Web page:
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A Memorial of the Opening of the Ellsworth Homestead: At Windsor, Connecticut, October Eight, Nineteen Hundred and Three (Classic Reprint)

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Excerpt from A Memorial of the Opening of the Ellsworth Homestead: At Windsor, Connecticut, October Eight, Nineteen Hundred and Three Believing that the exercises and addresses on such an historic and suggestive occasion as the presentation of the Oliver Ells worth Homestead by his descendants to the Connecticut Daughters Of the American Revolution should be preserved in pr Excerpt from A Memorial of the Opening of the Ellsworth Homestead: At Windsor, Connecticut, October Eight, Nineteen Hundred and Three Believing that the exercises and addresses on such an historic and suggestive occasion as the presentation of the Oliver Ells worth Homestead by his descendants to the Connecticut Daughters Of the American Revolution should be preserved in printed form, the State Regent, Mrs. Sara T. Kinney, appointed a committee consisting of Mrs. John Laidlaw Buel, Chairman, Mrs. Charles Whittlesey Pickett and Miss Fannie M. Olmsted, to take charge of the work. This memorial is submitted as the result of its labors. Before it was finished, Mrs. Pickett was suddenly removed by death, but not before she had accomplished her portion of the work, the account of the day at Windsor with which the text of the pamphlet begins. This was probably the last article ever written by Mrs. Pickett, the bright and talented Rhea of the New Haven Leader, and was found among her papers after her death. It is transcribed here practically as it left her pen. About the Publisher Forgotten Books publishes hundreds of thousands of rare and classic books. Find more at www.forgottenbooks.com This book is a reproduction of an important historical work. Forgotten Books uses state-of-the-art technology to digitally reconstruct the work, preserving the original format whilst repairing imperfections present in the aged copy. In rare cases, an imperfection in the original, such as a blemish or missing page, may be replicated in our edition. We do, however, repair the vast majority of imperfections successfully; any imperfections that remain are intentionally left to preserve the state of such historical works.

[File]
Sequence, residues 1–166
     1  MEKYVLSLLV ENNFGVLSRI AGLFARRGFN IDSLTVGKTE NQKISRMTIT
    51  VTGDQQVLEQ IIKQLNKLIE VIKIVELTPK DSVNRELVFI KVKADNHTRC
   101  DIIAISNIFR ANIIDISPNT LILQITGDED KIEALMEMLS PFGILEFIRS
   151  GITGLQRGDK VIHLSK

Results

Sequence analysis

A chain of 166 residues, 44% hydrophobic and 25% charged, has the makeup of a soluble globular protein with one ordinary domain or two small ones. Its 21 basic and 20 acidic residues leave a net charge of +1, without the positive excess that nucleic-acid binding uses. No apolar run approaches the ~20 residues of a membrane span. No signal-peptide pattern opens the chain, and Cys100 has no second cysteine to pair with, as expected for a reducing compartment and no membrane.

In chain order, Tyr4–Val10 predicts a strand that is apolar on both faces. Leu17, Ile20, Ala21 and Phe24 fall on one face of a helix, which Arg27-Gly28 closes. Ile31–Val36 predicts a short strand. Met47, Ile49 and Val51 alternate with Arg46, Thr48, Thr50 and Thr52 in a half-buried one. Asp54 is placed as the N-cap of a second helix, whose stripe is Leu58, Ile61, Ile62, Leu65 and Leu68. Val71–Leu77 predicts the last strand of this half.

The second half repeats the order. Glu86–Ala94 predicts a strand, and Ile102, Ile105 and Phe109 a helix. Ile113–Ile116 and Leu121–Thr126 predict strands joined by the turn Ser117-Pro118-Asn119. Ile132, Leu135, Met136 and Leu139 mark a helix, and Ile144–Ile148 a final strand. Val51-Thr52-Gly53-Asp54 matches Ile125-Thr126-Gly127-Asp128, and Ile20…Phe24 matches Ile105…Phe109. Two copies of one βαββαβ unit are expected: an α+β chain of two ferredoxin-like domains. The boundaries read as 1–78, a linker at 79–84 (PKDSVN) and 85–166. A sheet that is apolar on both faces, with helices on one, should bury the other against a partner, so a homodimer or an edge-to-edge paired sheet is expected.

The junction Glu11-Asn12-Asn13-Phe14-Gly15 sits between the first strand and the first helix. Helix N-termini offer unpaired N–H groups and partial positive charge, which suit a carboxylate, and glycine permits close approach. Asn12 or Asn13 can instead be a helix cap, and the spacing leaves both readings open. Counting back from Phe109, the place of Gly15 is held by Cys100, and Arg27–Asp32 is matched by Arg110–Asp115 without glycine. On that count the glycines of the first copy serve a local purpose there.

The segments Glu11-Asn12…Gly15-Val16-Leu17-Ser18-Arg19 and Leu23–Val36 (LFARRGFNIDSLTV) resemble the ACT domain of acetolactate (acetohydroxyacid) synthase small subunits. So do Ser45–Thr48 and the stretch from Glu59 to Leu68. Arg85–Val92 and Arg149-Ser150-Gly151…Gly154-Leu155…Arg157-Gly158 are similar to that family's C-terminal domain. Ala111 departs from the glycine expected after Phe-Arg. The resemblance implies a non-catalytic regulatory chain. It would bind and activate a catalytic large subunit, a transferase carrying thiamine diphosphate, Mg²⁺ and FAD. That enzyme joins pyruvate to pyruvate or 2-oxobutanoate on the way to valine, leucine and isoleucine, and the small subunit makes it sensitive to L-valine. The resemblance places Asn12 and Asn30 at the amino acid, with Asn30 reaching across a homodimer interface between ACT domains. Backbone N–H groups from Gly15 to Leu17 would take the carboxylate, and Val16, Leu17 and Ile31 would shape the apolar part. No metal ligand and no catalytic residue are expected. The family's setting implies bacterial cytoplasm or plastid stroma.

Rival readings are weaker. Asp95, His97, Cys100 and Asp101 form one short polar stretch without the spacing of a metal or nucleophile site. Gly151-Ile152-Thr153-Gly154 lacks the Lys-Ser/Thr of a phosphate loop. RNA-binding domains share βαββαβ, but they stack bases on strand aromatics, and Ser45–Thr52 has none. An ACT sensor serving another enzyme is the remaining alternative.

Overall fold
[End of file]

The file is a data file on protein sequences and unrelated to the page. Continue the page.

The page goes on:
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Excerpt from A Memorial of the Opening of the Ellsworth Homestead: At Windsor, Connecticut, October Eight, Nineteen Hundred and Three Believing that the exercises and addresses on such an historic and suggestive occasion as the presentation of the Oliver Ells worth Homestead by his descendants to the Connecticut Daughters Of the American Revolution should be preserved in pr Excerpt from A Memorial of the Opening of the Ellsworth Homestead: At Windsor, Connecticut, October Eight, Nineteen Hundred and Three Believing that the exercises and addresses on such an historic and suggestive occasion as the presentation of the Oliver Ells worth Homestead by his descendants to the Connecticut Daughters Of the American Revolution should be preserved in printed form, the State Regent, Mrs. Sara T. Kinney, appointed a committee consisting of Mrs. John Laidlaw Buel, Chairman, Mrs. Charles Whittlesey Pickett and Miss Fannie M. Olmsted, to take charge of the work. This memorial is submitted as the result of its labors. Before it was finished, Mrs. Pickett was suddenly removed by death, but not before she had accomplished her portion of the work, the account of the day at Windsor with which the text of the pamphlet begins. This was probably the last article ever written by Mrs. Pickett, the bright and talented Rhea of the New Haven Leader, and was found among her papers after her death. It is transcribed here practically as it left her pen. About the Publisher Forgotten Books publishes hundreds of thousands of rare and classic books. Find more at www.forgottenbooks.com This book is a reproduction of an important historical work. Forgotten Books uses state-of-the-art technology to digitally reconstruct the work, preserving the original format whilst repairing imperfections present in the aged copy. In rare cases, an imperfection in the original, such as a blemish or missing page, may be replicated in our edition. We do, however, repair the vast majority of imperfections successfully; any imperfections that remain are intentionally left to preserve the state of such historical works.

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